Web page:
James Gallagher:
We'll field the phone call and we will talk to people.

James Gallagher:
I think there is a logjam that I think a lot of banks have experienced that throughout the entire country, I'm sure, with existing customers applying for further PPP loans. And that's been kind of our first focus is to take care of our existing customers. But we feel that phone calls. And we've we've talked to people so that we can offer advice. Independent contractors. If you have a ten ninety nine, you can apply for a loan as of Friday last week and you can get you can get a loan. I mean, for two and a half times your average monthly pay from last year.

Laura Knoy:
Wow. Rusty, do you want to jump in on that point?

Rusty Mosca:
I did. I actually first want to go back to to to Jay's question. And one of the things that the SBA came out with is something known as the interim final rule that talks about the entire program. And there's some interesting it has some interesting questions and answers and why the program came up. But one of the things that they laid out here, just to to to get back to what James said as well, is consistent with Congress's overarching goal of keeping workers paid and employed. That's the purpose of the PPP.

Rusty Mosca:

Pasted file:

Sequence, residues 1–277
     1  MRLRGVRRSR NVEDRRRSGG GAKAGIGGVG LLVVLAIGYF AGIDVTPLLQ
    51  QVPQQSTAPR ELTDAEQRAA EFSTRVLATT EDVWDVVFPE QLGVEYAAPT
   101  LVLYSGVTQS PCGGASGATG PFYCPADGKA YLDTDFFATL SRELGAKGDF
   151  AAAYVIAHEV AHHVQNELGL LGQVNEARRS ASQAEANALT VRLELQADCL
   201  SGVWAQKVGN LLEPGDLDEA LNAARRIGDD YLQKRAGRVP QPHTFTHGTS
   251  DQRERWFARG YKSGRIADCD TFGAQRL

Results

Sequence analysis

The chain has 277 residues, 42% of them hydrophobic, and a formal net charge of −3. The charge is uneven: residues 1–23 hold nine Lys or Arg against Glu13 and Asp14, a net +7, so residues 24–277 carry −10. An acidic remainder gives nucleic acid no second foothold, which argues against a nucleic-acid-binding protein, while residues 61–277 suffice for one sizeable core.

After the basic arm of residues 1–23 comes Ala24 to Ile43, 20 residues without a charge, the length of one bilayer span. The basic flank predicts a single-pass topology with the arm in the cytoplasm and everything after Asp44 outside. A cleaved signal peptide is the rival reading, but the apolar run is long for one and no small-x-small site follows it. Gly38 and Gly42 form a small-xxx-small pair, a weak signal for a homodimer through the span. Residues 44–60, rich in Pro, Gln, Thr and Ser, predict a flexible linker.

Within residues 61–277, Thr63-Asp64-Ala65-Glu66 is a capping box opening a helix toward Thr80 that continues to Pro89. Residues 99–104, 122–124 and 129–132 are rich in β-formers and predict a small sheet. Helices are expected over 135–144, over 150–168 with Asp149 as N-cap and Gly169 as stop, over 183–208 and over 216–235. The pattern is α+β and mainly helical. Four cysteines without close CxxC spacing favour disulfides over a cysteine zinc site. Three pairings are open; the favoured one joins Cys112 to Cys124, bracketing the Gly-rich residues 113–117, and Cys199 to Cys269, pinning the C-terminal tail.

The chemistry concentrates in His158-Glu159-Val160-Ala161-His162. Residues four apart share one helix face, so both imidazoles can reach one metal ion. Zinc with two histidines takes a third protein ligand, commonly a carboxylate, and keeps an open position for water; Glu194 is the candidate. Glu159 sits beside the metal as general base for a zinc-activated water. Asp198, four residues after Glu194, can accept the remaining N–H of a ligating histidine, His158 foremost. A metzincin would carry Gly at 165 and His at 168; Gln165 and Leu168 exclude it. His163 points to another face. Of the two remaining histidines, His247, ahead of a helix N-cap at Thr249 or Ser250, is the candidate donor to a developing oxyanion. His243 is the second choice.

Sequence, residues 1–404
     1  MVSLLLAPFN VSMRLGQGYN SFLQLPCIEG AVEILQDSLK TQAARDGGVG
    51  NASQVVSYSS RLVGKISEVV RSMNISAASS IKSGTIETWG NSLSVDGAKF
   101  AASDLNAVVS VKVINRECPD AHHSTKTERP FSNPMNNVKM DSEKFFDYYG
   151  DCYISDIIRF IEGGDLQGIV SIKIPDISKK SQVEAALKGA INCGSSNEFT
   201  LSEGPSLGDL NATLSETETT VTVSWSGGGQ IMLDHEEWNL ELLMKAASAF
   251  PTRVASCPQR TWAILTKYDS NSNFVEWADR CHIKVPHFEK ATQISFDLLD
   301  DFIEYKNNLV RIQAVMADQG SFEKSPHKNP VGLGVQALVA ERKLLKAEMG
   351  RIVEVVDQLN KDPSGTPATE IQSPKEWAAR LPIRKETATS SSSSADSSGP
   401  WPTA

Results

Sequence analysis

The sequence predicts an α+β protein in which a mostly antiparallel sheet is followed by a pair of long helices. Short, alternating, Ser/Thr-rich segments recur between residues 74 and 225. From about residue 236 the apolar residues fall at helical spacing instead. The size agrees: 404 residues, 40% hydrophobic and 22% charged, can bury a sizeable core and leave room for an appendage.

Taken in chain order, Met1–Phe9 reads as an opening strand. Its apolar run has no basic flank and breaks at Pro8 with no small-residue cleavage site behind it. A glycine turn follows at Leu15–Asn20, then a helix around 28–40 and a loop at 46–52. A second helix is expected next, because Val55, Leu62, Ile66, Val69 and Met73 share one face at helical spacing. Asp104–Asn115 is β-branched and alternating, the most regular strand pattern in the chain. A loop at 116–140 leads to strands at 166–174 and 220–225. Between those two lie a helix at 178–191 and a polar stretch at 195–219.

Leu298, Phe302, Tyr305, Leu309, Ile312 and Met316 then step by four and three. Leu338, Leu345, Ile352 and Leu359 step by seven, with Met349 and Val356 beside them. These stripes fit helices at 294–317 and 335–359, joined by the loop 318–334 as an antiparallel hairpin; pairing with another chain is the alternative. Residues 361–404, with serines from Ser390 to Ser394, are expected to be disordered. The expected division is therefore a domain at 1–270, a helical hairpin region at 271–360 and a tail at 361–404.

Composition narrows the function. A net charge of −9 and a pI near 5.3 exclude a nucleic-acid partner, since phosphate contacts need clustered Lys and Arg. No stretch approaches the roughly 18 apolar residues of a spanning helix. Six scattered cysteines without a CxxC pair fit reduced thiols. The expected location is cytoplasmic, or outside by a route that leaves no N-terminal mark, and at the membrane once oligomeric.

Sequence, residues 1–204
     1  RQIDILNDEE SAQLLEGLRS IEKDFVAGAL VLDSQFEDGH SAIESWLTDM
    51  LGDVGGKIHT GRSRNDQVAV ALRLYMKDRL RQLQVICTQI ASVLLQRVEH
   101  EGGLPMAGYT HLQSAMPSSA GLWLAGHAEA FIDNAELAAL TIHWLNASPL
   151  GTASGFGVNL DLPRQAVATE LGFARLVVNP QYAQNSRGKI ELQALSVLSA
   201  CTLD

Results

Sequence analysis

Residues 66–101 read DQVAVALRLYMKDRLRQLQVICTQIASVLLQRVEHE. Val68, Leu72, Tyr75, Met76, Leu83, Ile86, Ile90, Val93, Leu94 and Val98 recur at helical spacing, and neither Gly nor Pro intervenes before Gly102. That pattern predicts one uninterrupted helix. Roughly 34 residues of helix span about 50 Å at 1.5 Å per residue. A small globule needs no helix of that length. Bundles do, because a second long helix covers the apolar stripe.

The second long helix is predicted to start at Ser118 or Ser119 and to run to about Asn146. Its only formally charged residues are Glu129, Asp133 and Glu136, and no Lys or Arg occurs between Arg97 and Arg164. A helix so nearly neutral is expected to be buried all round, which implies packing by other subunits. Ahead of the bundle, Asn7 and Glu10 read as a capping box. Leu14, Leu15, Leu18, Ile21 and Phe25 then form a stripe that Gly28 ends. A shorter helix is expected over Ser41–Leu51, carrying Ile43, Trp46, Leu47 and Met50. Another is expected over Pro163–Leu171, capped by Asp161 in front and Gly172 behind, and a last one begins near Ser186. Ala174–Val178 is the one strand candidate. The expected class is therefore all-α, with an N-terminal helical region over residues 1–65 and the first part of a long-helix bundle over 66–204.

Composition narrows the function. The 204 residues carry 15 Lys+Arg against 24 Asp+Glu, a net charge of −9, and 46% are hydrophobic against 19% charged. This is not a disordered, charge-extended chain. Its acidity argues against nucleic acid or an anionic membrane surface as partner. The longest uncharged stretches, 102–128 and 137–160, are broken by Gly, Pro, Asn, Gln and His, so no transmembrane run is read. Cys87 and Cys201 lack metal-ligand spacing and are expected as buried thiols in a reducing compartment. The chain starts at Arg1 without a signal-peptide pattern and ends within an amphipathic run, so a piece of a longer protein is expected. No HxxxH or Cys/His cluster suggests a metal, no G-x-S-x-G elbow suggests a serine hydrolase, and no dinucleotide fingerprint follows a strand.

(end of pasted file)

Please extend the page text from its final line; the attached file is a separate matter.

And so that helps when people if people are looking to say, do I really need it? If you're going to lay off people, most likely you're achieving what Congress and what the program's all about. So I just wanted to add that to it into the point. The question about how to reach somebody, I agree. All our clients, there's many of them that have loans and relationships with banks because they carry debt and they have inventory in buildings and all that. And so they already have those relationships. But other small businesses that are schedule seize or or never needed debt have relationships with the bank. And into James's point, all the community banks and the customers or our clients have said have been very helpful in leading them down a path that would say, here's what you need to do, here's how to apply. And here's the best way to do it, even though they don't have a direct commercial relationship with a banker. And so I you know, I think New Hampshire is, in the banking community, has done a nice job of of reaching out to those. I'm sure it's not like that for everyone's experience, but I think it's important to know that people are all looking to to help people through this and see if there's a way to help them understand the process.